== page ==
The Phoenix Network:
About  |  Advertise
Adult  |  Moonsigns  |  Band Guide  |  Blogs  |  In Pictures
Books  |  Comedy  |  Dance  |  Museum And Gallery  |  Theater

High philately

Mauritius enters the weird world of stamps
By SALLY CRAGIN  |  September 27, 2006

“When I started working on this play, a lot of people came out of the woodwork and said, ‘I used to collect stamps,’ ” explains writer Theresa Rebeck over the phone from Los Angeles. “And there was something freaky behind their eyes.” She pauses for a half-beat. “That I really liked. That collector’s hunger.”

Next Friday the Huntington Theatre Company premieres Mauritius , Rebeck’s new play about a pair of half-sisters who inherit a collection that includes the one- and two-penny post-office stamps issued from the South African island Mauritius, stamps that have sold for millions of dollars. “Collector’s hunger” is a big motivator for the other three characters in Mauritius , who may be genuine philatelists or just working a long con.

Director Rebecca Bayla Taichman (who will direct Rebeck’s The Scene in New York later this fall) says of the playwright (also a successful writer for film and TV) that “her plays have a violence and rawness, and if you push them to the edge of where they can go, the humor crackles.”

Rebeck herself still sounds bemused by the world of high-level philately, a terrain in which “tiny slips of paper have wondrous and bizarre meaning attached to them.” Once she started researching stamp collecting, “I found these two stamps quite magical, and then I became a bit of a wacko, nerd-like in my fascination in this world.”

“People have weird, sensual relationships with the object,” explains Obie-winning actor Marin Ireland, who plays Jackie, the sister eager to get the collection appraised. “Jackie starts the play in a place of desperation and has her survival instinct kick in, and then she goes to a more intense place. Theresa’s stuff is so rich for actors because there’s so much emotional landscape to explore — it’s thrilling and exhilarating.”

Rebeck has been on her own joyride with the work and had “no idea what would happen. I usually don’t write with such an open template. I usually like to have some idea of where I’m headed.” There were numerous drafts and workshops, and the play was read last spring as part of the Huntington’s Breaking Ground festival. She continued to work. “There was a lot of thinking and rethinking of the structure of the play. It’s still slightly incoherent to me.”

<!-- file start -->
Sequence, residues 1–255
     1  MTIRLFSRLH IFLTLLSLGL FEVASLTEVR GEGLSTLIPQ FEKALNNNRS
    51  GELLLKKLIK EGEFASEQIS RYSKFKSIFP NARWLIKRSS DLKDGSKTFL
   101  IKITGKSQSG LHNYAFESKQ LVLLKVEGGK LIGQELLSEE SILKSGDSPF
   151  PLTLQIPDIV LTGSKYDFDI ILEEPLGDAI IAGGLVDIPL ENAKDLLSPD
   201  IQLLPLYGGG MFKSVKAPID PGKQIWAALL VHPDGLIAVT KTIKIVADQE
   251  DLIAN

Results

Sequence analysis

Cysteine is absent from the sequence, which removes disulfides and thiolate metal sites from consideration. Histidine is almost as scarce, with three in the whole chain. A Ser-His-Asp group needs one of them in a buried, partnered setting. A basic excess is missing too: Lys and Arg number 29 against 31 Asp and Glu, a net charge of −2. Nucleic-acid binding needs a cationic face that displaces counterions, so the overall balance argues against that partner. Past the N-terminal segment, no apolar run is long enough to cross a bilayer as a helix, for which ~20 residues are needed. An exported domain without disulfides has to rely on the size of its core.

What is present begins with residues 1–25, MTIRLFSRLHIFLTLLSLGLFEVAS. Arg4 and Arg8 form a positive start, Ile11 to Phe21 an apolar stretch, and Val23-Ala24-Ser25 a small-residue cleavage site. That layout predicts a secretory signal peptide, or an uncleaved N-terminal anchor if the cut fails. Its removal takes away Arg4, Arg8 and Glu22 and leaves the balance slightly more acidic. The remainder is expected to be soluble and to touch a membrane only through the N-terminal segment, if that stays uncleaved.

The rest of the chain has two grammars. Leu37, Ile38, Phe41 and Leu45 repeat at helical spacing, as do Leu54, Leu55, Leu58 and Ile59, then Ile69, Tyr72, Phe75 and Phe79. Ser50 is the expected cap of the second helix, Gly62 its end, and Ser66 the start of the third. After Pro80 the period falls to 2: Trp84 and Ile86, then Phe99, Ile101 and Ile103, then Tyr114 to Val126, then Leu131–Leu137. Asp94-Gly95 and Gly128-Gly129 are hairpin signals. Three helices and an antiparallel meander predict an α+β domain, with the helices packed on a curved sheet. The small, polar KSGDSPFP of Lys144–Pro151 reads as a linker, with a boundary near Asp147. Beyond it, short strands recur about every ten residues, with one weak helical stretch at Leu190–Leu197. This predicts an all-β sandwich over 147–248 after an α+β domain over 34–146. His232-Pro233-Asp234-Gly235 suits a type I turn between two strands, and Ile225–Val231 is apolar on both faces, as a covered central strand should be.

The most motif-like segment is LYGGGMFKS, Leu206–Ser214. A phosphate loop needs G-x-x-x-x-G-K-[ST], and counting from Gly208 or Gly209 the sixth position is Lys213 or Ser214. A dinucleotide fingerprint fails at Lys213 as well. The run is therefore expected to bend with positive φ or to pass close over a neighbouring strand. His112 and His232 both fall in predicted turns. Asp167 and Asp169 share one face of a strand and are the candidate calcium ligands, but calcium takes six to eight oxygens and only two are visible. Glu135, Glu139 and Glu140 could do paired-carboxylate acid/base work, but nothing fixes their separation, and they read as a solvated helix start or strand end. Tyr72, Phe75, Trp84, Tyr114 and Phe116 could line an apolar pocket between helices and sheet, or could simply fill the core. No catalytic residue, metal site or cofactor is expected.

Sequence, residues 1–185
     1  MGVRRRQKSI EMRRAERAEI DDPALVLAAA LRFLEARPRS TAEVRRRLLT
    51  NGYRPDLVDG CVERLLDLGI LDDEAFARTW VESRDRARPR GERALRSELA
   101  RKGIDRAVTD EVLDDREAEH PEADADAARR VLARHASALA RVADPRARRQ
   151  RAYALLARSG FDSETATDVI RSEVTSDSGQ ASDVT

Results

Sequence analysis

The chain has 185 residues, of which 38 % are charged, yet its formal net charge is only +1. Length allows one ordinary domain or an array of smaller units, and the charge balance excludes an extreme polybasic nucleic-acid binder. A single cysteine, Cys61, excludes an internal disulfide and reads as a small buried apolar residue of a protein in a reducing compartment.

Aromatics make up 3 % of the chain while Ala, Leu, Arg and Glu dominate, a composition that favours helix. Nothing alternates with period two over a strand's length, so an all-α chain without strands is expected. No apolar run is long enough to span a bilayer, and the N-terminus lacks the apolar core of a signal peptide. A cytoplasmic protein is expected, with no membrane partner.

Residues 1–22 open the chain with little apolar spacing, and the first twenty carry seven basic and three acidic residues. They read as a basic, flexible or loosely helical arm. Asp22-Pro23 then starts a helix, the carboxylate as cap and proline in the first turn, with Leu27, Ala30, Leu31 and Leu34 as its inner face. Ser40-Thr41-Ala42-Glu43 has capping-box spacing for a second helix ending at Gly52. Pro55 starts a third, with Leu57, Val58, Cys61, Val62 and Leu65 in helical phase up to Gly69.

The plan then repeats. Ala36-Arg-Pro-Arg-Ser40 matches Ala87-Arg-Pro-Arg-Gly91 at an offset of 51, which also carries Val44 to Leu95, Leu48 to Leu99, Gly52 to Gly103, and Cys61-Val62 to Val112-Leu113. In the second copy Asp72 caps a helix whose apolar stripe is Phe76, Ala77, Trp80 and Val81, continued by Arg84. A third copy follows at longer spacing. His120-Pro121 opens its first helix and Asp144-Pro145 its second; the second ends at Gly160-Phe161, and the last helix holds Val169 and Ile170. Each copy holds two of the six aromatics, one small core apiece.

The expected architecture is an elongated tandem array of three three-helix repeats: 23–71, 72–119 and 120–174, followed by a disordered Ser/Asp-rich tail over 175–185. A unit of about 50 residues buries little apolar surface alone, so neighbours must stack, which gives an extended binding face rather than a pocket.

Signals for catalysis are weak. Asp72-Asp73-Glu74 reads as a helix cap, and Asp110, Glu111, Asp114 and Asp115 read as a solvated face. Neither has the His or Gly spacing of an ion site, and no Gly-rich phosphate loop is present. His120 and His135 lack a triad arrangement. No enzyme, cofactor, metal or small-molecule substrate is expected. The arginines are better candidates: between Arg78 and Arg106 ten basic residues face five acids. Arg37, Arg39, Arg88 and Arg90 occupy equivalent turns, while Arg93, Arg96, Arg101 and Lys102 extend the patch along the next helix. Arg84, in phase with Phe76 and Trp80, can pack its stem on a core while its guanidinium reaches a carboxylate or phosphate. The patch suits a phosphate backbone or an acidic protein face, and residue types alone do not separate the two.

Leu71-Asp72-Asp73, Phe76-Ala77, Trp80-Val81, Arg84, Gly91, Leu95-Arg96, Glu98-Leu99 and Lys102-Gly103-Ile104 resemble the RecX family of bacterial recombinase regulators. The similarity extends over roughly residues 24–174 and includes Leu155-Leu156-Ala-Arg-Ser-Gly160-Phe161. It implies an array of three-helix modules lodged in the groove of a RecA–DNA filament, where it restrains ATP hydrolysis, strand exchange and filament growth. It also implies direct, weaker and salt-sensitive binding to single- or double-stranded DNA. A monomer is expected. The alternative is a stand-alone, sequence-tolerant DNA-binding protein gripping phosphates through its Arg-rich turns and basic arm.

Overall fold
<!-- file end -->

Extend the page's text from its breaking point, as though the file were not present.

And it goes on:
Rebeck’s comedy Bad Dates , which the Huntington presented in 2004, had shoes as its preoccupation. Here she delves further into her characters’ obsessions, especially that of Jackie, who, she says, “has a deep need that couldn’t be expressed. But for her, stamps were a possibility of resurrection because they’re worth so much money.”

MAURITIUS | Huntington Theatre Company, Calderwood Pavilion at the Boston Center for the Arts, 527 Tremont St, Boston | October 6–November 12 | $15-$52 | 617.266.0800

On the Web
Huntington Theatre Company: // 

Related: Stamping grounds, Theater of war, Rethinking Chekhov, More more >
  Topics: Theater , Boston Center for the Arts, Business, Collecting,  More more >
  • Share:
  • RSS feed Rss
  • Email this article to a friend Email
  • Print this article Print

Share this entry with Delicious
  •   PERMANENT  |  February 20, 2008
    Body modification as art at the Peabody Essex Museum
  •   BEANE TOWN  |  January 08, 2008
    Speakeasy walks The Little Dog Laughed
  •   ACTING TEACHER  |  November 20, 2007
    Nilaja Sun’s journey from tough schools to art
  •   RAZOR’S EDGE  |  October 17, 2007
    Judy Kaye on reuniting with Sweeney Todd’s Demon Barber
  •   ARABIAN NIGHTS  |  October 09, 2007
    Roosen's monologues considers sex beneath the veil

 See all articles by: SALLY CRAGIN

RSS Feed of for the most popular articles
 Most Viewed   Most Emailed 

  |  Sign In  |  Register
Phoenix Media/Communications Group:
Copyright © 2009 The Phoenix Media/Communications Group